The original story of the lost island of Atlantis comes to us from two Socratic dialogues called Timaeus and Critias, both written about 360 BCE by the Greek philosopher Plato.
Together the dialogues are a festival speech, prepared by Plato to be told on the day of the Panathenaea, in honor of the goddess Athena. They describe a meeting of men who had met the previous day to hear Socrates describe the ideal state.
A Socratic Dialogue
According to the dialogues, Socrates asked three men to meet him on this day: Timaeus of Locri, Hermocrates of Syracuse, and Critias of Athens. Socrates asked the men to tell him stories about how ancient Athens interacted with other states. The first to report was Critias, who told how his grandfather had met with the Athenian poet and lawgiver Solon, one of the Seven Sages. Solon had been to Egypt where priests had compared Egypt and Athens and talked about the gods and legends of both lands. One such Egyptian story was about Atlantis.
The Atlantis tale is part of a Socratic dialogue, not a historical treatise. The story is preceded by an account of Helios the sun god's son Phaethon yoking horses to his father's chariot and then driving them through the sky and scorching the earth. Rather than exact reporting of past events, the Atlantis story describes an impossible set of circumstances which were designed by Plato to represent how a miniature utopia failed and became a lesson to us defining the proper behavior of a state.
According to the Egyptians, or rather what Plato described Critias reporting what his grandfather was told by Solon who heard it from the Egyptians, once upon a time, there was a mighty power based on an island in the Atlantic Ocean. This empire was called Atlantis, and it ruled over several other islands and parts of the continents of Africa and Europe.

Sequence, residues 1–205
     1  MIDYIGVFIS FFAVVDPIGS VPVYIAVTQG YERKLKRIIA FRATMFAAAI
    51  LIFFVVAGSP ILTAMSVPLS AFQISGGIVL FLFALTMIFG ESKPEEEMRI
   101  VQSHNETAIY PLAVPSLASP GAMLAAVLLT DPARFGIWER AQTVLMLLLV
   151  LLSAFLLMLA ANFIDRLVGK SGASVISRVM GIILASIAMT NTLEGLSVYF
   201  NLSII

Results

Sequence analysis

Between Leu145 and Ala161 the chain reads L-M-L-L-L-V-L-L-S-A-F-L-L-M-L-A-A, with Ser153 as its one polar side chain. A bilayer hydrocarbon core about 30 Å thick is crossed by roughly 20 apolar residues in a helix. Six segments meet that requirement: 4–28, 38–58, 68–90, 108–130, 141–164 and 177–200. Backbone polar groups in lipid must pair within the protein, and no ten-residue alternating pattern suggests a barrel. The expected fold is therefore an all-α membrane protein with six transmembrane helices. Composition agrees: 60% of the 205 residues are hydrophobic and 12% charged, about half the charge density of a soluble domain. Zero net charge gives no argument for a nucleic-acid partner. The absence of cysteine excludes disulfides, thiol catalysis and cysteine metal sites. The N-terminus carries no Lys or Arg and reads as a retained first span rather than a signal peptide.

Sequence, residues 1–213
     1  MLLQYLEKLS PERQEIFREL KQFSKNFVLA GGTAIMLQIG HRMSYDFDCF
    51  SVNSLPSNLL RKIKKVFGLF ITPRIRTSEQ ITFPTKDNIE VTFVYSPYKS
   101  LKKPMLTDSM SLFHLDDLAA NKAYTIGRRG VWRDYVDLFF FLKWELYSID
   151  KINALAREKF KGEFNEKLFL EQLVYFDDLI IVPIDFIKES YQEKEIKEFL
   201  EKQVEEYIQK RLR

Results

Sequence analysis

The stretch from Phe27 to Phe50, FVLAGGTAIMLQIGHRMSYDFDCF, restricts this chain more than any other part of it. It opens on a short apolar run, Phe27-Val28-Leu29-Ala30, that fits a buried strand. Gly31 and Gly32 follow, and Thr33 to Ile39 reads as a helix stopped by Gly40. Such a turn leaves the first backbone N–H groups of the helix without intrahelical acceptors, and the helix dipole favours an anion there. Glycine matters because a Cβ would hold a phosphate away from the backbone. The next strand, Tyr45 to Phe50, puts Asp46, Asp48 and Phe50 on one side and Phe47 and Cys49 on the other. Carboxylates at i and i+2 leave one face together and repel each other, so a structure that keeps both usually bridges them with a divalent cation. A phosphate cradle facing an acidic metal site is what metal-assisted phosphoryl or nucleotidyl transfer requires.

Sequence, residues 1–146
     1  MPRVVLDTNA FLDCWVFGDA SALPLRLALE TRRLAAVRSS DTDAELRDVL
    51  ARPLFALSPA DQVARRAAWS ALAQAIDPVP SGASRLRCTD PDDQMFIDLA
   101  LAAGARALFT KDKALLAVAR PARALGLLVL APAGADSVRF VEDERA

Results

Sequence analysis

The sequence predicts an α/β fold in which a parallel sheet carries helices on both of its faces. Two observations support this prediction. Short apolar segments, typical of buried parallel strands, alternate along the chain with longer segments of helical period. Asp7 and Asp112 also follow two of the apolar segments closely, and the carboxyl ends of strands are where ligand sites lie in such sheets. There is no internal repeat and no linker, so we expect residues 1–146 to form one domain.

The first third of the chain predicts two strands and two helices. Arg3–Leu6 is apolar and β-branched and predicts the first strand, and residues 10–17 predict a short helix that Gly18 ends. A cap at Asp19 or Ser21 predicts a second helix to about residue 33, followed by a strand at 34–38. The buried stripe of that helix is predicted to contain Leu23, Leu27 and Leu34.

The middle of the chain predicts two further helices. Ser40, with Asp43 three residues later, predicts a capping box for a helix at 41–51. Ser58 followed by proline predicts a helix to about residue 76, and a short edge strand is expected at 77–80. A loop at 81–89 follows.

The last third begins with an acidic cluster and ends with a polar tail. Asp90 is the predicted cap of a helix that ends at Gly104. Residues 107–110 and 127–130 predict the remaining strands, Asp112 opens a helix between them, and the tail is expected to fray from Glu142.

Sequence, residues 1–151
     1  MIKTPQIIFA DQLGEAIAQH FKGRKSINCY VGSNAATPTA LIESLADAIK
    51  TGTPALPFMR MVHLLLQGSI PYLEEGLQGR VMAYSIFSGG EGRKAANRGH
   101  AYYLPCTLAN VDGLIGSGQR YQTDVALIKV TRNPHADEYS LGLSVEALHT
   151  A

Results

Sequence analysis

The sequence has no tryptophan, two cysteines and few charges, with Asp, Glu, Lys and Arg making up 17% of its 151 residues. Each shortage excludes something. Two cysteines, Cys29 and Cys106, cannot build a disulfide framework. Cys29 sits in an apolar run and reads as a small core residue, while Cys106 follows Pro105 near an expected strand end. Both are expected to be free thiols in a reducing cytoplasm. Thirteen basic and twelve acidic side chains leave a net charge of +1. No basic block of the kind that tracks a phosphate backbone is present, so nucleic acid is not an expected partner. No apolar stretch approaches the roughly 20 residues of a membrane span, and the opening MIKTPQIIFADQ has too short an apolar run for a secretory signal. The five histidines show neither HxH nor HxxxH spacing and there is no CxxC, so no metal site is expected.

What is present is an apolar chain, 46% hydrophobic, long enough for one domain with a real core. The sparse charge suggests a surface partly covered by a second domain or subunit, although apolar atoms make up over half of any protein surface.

Atlantis was arranged in concentric rings of alternating water and land. The soil was rich, said Critias, the engineers technically accomplished, the architecture extravagant with baths, harbor installations, and barracks. The central plain outside the city had canals and a magnificent irrigation system. Atlantis had kings and a civil administration, as well as an organized military. Their rituals matched Athens for bull-baiting, sacrifice, and prayer.
But then it waged an unprovoked imperialistic war on the remainder of Asia and Europe. When Atlantis attacked, Athens showed its excellence as the leader of the Greeks, the much smaller city-state the only power to stand against Atlantis. Alone, Athens triumphed over the invading Atlantean forces, defeating the enemy, preventing the free from being enslaved, and freeing those who had been enslaved.
After the battle, there were violent earthquakes and floods, and Atlantis sank into the sea, and all the Athenian warriors were swallowed up by the earth.
Is Atlantis Based on a Real Island?
The Atlantis story is clearly a parable: Plato's myth is of two cities which compete with each other, not on legal grounds but rather cultural and political confrontation and ultimately war. A small but just city (an Ur-Athens) triumphs over a mighty aggressor (Atlantis). The story also features a cultural war between wealth and modesty, between a maritime and an agrarian society, and between an engineering science and a spiritual force.
Atlantis as a concentric-ringed island in the Atlantic which sank under the sea is almost certainly a fiction based on some ancient political realities. Scholars have suggested that the idea of Atlantis as an aggressive barbarian civilization is a reference to either Persia or Carthage, both of them military powers who had imperialistic notions. The explosive disappearance of an island might have been a reference to the eruption of Minoan Santorini. Atlantis as a tale really should be considered a myth, and one that closely correlates with Plato's notions of The Republic examining the deteriorating cycle of life in a state.
- Dušanic S. 1982. Plato's Atlantis. L'Antiquité Classique 51:25-52.
- Morgan KA. 1998. Designer History: Plato's Atlantis Story and Fourth-Century Ideology. The Journal of Hellenic Studies 118:101-118.
- Rosenmeyer TG. 1956. Plato's Atlantis Myth: "Timaeus" or "Critias"? Phoenix 10(4):163-172.